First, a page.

The Report Card hands out grades for the week in tennis. Last week, Novak Djokovic lost the No. 1 ranking but scored an impressive victory, while Serena Williams continued her sterling season.
Novak Djokovic: A-plus. Djokovic decisively defeated Rafael Nadal 6-3, 6-4 to win his fourth China Open title in four appearances and snap a three-match losing streak to the new No. 1. To say Djokovic needed the victory would be an understatement. With the same form and tactics that helped him rout Nadal in the final of the Monte Carlo Masters in April, Djokovic was unrelenting in his offense and showed why he troubles Nadal when his serve and forehand are clicking. The Serb’s excitement was somewhat muted, given his relinquishing of the No. 1 ranking, but the win sets up an exciting finish to the season. The two could easily meet three more times (in Shanghai, Paris and London) if they maintain their schedules.
Serena Williams: A. The numbers keep piling up for Williams, who raised her 2013 counts to 10 titles and 73 victories after beating Jelena Jankovic 6-2, 6-2 in the China Open final. The latter figure is the most on the WTA Tour since Kim Clijsters won 90 matches and Justine Henin 75 in 2003. Williams will have a chance to overtake Henin at the WTA Championships, but first she gets a well-earned two-week break to rest. She’ll need it. Williams called the trainer for treatment on her back during her semifinal win over Agnieszka Radwanska, and the injury flared up in the second set of the final. Not that it stopped her. With her 56th title, Williams took over sole possession of seventh place on the all-time list.
Juan Martin del Potro: A. Welcome back to the top five, DelPo. The Argentine edged Milos Raonic 7-6 (5), 7-5 in the Japan Open final to win his third tournament of the year. Del Potro returns to the top five this week for the first time since May 2010, and he’s also leapfrogged Tomas Berdych for fifth place in the Race to London rankings.
Rafael Nadal: B-plus. Nadal clinched the No. 1 ranking by making his 13th final in 14 events, this one thanks to Berdych’s mid-match retirement. That Nadal would even reach the semifinals was in doubt after he fell behind 6-2, 4-1 to Fabio Fognini in the quarterfinals, but he rallied to win 11 of the last 12 games. Much of that early hole resulted from some incredible shot-making from the Italian, who was in the zone until the wheels fell off, but Nadal struggled to get the depth he needed to disrupt Fognini. That trend continued in the final, as again he left the ball short too many times and let Djokovic dictate the rallies.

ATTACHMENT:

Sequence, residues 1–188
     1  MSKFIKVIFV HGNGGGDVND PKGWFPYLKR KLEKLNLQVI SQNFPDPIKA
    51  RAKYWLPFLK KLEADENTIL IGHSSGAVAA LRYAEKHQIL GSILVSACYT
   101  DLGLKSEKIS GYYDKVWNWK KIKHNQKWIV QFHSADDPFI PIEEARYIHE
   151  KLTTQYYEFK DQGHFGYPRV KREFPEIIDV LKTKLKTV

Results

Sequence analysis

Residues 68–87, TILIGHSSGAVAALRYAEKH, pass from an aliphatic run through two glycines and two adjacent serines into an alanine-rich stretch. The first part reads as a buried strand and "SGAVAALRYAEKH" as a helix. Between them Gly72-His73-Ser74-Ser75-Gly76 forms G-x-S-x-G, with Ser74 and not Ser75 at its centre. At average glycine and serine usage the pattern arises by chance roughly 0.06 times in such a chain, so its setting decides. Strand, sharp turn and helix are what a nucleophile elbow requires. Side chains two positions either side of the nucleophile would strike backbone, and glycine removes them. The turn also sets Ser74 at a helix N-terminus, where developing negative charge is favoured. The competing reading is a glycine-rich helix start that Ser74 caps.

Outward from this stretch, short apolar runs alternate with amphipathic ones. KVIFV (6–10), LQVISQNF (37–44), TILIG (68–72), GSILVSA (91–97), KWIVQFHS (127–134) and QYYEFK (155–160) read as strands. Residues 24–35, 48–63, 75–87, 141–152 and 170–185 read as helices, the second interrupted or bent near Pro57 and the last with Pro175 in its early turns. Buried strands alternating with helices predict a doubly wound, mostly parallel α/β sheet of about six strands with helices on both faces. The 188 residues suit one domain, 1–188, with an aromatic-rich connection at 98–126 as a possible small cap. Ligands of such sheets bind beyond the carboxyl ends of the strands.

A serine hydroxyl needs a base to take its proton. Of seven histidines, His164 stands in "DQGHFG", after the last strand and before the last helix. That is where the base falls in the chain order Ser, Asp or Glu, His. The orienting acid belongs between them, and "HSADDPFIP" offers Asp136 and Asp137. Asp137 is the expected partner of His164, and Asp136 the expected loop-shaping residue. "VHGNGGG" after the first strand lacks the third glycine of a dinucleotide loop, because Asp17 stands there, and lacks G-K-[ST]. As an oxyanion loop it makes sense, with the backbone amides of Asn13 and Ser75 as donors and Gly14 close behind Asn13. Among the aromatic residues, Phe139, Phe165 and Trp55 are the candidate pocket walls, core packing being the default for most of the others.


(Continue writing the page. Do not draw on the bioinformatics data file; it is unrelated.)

Milos Raonic: B-plus. Raonic put his hat in the the ring for the ATP World Tour Finals, backing up his title at the Thailand Open with a run to the final in Tokyo. He didn’t drop a set until the final, where he lost a serve-fest to Del Potro. The 22-year-old Canadian is 290 points out of the eighth qualifying spot for London.
Jelena Jankovic: B-plus. Jankovic’s resurgence has been one of the more under-the-radar stories this year, a pretty surprising feat because it’s rare for her to do anything under the radar. Her only title came at a small tournament in Bogota, Colombia, in February, but she’s consistently making the late rounds of tournaments. She’s firmly back in the top 10, at No. 8, and in a good position to qualify for the WTA Championships for the first time since 2010.
Petra Kvitova: B. The problem with playing so many three-set matches is that you’re playing so many three-set matches. Kvitova has contested 36 of them this year, the most on tour since 2005, and she’s won 24, the most since century. She’s played six three-setters in a row, including a 6-7 (7), 6-1, 6-1 loss to Jankovic in the semifinals in Beijing. But it’s been a good two weeks in Asia for Kvitova, highlighted by victories against Venus Williams and Angelique Kerber in Tokyo and a particularly strong performance against Li Na in Beijing. She withdrew from this week’s Generali Ladies Linz with a back injury. If healthy, Kvitova could do some more damage at the WTA Championships in two weeks.